During UTI, microorganism adhering to the bladder urothelium cause inflammatory reactions, the bladder gets hyperactive and patients suffer from increased micturition frequency and pain. Canephron® N possesses relevant anti-adhesive and anti-inflammatory activity, possibly modulating the overactive bladder function, easing bladder functions and preventing adhesion of E. coli, as demonstrated in several in vitro and in vivo experiments [30, 31]. The bacterial spectrum in patients suffering from significant bacteriuria did not change significantly during the treatment as well as observation period in this study (Table 6), indicating no direct anti-microbial effect of the drug, possibly supporting the concept of an immunological adaption process between uroepithelium and adhering microorganism. The fast symptomatic resolution of uUTI under Canephron® N treatment supports the assumption that the multiple pharmacodynamic targets of Canephron® N are suitable for the treatment of uUTI.

Conclusions

Canephron® N was safe and well tolerated, no ADRs or SAEs were reported. The responder rate was 71.2 % on Day 7 and 85.6 % on Day 37 (FAS, N = 125). A significant improvement was observed for the sum score as well as for all single symptoms on Day 7 and Day 37. Only 2.4 % of patients required antibiotics during the seven-day treatment period and none of the patients suffered from a recurrence until Day 37 after assessed as clinical cure on Day 7. The resolution of symptoms continued four weeks after end of treatment in contrast to many anti-microbial therapies. As this study was designed to show the safety of Canephron® N treatment, it is not possible to give a definite statement about efficacy, but the fast symptomatic resolution of uUTI under Canephron® N treatment hints at the efficacy of Canephron® N that needs to be further investigated.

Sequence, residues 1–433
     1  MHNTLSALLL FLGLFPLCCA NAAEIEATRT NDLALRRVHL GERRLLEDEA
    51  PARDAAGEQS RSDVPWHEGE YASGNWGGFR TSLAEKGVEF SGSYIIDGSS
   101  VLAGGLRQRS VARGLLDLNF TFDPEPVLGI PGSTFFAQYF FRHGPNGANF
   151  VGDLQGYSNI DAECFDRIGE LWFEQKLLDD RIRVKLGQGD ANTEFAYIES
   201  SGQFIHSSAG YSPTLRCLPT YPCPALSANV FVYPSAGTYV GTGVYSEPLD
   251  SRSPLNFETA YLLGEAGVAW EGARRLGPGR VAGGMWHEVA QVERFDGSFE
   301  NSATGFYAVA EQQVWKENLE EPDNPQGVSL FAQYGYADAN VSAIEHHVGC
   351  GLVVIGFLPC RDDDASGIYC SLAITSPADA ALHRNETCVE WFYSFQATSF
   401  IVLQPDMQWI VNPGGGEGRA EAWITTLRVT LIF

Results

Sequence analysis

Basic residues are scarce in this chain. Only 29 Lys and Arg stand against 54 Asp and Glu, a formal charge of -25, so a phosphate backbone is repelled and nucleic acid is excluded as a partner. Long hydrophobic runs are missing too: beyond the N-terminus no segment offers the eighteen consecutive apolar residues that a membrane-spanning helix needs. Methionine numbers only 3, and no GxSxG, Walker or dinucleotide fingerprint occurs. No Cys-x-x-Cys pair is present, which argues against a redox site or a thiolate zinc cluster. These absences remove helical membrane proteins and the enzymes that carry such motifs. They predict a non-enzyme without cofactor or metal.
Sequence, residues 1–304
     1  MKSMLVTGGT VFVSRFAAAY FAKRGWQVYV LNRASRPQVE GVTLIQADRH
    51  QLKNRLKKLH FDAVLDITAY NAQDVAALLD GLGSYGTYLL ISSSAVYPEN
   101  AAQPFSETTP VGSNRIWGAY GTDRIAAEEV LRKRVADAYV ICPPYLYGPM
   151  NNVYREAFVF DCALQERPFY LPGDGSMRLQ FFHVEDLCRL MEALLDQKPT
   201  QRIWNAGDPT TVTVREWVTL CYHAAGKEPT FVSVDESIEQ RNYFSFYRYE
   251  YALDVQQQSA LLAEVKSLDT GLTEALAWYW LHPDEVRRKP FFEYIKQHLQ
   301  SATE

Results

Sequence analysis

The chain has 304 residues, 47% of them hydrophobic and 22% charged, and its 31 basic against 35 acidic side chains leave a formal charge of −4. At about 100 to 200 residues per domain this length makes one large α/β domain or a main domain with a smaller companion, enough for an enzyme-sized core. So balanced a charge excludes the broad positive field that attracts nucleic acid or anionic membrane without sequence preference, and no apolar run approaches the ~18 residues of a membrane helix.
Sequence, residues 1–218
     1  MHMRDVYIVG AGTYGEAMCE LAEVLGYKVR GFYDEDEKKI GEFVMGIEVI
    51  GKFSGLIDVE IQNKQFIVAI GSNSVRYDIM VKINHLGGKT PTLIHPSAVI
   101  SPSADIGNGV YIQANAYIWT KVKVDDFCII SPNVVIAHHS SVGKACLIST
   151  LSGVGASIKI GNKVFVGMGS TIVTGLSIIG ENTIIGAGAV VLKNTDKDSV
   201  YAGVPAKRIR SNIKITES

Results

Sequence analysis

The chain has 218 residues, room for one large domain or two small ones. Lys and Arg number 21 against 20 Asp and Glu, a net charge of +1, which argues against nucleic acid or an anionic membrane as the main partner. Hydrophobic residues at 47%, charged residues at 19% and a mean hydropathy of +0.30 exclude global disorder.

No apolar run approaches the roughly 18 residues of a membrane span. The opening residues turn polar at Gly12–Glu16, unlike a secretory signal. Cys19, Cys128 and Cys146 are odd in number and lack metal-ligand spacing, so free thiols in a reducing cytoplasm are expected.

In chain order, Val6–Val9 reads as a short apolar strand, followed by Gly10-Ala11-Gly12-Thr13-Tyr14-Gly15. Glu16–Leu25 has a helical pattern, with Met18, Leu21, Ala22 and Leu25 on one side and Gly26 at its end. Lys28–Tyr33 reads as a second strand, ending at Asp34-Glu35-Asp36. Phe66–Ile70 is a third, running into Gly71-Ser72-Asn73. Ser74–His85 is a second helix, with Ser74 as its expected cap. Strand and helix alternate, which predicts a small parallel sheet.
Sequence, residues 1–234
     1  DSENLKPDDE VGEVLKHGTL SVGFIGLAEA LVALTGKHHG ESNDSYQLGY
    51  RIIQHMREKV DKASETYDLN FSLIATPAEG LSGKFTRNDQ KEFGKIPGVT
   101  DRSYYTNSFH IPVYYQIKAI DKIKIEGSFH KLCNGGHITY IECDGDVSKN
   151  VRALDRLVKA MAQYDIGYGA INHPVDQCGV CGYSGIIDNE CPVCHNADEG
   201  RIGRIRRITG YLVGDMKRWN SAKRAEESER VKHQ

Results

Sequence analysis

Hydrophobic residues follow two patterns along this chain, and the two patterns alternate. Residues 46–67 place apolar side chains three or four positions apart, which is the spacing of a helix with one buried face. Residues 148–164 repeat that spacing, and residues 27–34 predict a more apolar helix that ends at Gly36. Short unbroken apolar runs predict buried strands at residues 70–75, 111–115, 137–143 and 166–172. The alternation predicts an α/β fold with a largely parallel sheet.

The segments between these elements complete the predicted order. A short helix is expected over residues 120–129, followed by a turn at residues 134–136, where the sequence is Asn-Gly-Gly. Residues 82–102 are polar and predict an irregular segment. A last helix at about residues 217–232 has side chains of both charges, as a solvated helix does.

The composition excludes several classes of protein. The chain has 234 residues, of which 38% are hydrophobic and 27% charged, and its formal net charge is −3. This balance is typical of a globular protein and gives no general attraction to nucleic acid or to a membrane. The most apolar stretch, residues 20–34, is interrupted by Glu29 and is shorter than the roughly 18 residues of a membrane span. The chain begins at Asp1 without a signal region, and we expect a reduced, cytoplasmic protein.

This trial emphasises the safe usage and potential opportunity of a non-antibiotic therapy approach with Canephron® N and fully justifies a large-scale controlled clinical trial to finally establish the significance of Canephron® N in the management of acute phases of uUTIs.

Abbreviations

AEs: 

adverse events

ADRs: 

adverse drug reactions

ASS: 

acetyl salicylic acid

BfArM: